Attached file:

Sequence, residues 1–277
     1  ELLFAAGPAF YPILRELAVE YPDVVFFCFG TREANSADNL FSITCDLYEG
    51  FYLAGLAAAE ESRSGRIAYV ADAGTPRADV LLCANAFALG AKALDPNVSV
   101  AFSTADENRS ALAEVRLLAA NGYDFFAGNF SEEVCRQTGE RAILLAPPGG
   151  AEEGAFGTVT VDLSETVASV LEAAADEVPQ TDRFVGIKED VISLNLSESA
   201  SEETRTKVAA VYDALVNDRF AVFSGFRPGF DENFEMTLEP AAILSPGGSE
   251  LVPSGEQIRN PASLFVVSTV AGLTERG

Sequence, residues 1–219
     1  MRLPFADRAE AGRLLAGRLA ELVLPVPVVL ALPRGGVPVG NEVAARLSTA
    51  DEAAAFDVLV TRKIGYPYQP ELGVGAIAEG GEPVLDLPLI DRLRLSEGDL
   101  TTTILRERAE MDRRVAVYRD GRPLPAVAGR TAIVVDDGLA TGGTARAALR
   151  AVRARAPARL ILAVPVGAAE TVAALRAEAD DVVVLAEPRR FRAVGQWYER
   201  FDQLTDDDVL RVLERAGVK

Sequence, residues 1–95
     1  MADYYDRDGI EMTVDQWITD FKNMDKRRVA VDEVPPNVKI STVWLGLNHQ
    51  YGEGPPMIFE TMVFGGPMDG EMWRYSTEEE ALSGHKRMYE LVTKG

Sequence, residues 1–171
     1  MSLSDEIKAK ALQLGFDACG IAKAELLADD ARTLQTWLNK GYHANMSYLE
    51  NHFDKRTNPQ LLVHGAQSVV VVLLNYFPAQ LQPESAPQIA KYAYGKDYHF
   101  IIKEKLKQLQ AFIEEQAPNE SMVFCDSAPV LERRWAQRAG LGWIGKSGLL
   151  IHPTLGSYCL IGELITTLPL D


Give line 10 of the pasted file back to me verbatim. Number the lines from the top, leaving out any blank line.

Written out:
    51  DEAAAFDVLV TRKIGYPYQP ELGVGAIAEG GEPVLDLPLI DRLRLSEGDL